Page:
The proposed study is an adaptation and randomized trial of a Cognitive-Behavioral Stress Management (CBSM) intervention for simultaneously enhancing safer sex practices, adherence to ARV medication, and reducing alcohol or other drugs (AOD) use, in a predominantly poor urban population in Haiti. With our on- site clinical research partner, the GHESKIO Centers, a key focus will be how HIV intervention outcomes are influenced by Environmental and PsychoSocial (Env-Psy-Soc) factors. Performing this study in Haiti with GHESKIO presents a unique opportunity to contribute an EnvPsySoc dimension to the HIV/AIDS prevention and treatment scale-up that is ongoing there and in the region. GHESKIO is unique and unparalleled in Haiti and the region as a socially trusted infectious disease control institution that has been there since the discovery of the HIV virus and that has successfully adapted an academically disciplined HIV/AIDS clinical research and training model into the urban and rural communities of Haiti. GHESKIO operates using an integrated care model similar to a typical U.S. VA center, and serves a population reflective of the fault lines of the epidemic in resource-constrained countries: poverty and disempowerment, the trauma and violence of chaotic urbanization and frequent civil disorder and inadequate rule of law. Using the vehicle of CBSM, a potentially efficacious prevention intervention for reducing HIV transmission risk among People Living with HIV (PLWH) in this clinical venue enhances the probability of success. CBSM-A, the adapted intervention to be evaluated, is based on an NIH pilot study in Haiti that was guided by Information-Motivation-Behavior (IMB) theory. It is a small-group design for HIV+ AOD using populations, which also addresses their cognitive/self management and coping barriers that may impede sustainable outcomes, particularly in resource-constrained settings as Haiti. HLM/SEM analyses will be used to explore adherence to safer sex and ARV medication guidelines as well as how intervention effects are influenced by traditional IMB variables, AOD use, and EnvPsySoc factors. The proposed project responds to the NIH priority on integrating environmental-psychosocial research and on bridging clinical research and practice, by adapting and translating effective research-based intervention strategies for the "real world" conditions faced by community based providers. If successful, this research will present an HIV intervention strategy that can be practically implemented for HIV+ adults with high risk behaviors (alcohol use and unsafe sexual practices) in Haiti and other resource-constrained settings, while advancing the knowledge base of how to tailor interventions for such settings.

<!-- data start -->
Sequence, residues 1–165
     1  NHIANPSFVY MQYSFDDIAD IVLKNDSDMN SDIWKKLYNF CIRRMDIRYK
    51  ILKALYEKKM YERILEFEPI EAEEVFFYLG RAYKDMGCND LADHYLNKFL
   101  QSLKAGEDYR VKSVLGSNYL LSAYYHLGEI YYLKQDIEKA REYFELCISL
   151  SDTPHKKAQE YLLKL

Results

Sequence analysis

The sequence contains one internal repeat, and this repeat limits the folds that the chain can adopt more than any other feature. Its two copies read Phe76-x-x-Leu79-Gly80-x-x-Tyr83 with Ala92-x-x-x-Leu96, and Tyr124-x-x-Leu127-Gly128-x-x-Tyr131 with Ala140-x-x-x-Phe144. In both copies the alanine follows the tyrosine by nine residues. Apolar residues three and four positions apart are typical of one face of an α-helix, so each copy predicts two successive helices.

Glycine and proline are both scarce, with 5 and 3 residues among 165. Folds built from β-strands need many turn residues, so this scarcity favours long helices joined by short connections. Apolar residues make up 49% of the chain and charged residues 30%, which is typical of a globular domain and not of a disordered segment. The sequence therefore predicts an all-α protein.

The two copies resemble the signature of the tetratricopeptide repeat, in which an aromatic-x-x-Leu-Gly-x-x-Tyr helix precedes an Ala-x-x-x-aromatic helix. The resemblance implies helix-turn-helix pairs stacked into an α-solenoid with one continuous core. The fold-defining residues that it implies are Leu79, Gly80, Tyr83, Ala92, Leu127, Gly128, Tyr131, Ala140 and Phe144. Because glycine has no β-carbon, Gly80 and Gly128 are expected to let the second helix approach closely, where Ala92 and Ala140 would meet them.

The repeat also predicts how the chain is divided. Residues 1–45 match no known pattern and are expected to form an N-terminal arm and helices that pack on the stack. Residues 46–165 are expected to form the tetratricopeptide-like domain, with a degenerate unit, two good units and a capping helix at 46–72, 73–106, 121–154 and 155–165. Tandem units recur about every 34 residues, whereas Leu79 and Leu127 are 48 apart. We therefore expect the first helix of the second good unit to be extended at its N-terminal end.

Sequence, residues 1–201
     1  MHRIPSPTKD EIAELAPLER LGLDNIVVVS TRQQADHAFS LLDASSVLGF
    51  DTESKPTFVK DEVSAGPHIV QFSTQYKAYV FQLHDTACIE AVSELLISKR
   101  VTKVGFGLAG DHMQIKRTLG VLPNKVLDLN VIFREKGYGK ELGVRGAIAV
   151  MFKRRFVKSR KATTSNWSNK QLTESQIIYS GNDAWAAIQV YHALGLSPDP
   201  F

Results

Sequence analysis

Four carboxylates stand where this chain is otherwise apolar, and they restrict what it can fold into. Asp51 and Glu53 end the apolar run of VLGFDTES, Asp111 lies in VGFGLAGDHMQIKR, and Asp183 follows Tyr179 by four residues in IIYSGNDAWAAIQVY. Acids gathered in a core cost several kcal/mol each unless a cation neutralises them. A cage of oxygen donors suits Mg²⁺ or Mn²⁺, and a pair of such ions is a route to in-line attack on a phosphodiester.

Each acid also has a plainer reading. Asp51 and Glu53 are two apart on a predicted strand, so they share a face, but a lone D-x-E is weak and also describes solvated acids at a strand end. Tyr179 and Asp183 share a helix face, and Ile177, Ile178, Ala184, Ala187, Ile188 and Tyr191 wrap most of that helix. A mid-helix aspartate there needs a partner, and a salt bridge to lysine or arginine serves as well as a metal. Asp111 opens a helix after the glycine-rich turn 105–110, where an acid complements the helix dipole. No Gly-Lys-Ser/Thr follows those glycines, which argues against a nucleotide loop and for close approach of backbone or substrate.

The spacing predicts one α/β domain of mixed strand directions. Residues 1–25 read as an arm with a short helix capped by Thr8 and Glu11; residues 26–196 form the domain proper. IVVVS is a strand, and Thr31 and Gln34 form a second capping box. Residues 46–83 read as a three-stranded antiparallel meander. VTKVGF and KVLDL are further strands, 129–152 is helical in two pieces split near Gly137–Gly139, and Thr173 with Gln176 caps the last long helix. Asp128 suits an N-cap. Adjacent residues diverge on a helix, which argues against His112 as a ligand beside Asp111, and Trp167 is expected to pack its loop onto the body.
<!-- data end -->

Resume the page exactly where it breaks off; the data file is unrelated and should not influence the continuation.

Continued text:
Public Health Relevance The proposed study is an adaptation and randomized trial of a Cognitive-Behavioral Stress Management (CBSM) intervention that will enhance safer sex practices, adherence to ARV medication, and reduce alcohol or other drugs (AOD) use in People Living with HIV (PLWH) in a high risk, poor, urban center in Haiti. A key focus of the study will be how HIV intervention outcomes are influenced by a set of alcohol-related Environmental and PsychoSocial (Env-Psy-Soc) factors. If successful, this research will present an HIV intervention strategy that can be practically implemented for HIV+ adults with high risk behaviors, including alcohol use, in Haiti and other resource-constrained settings, while advancing the knowledge base of how to tailor interventions for such settings.
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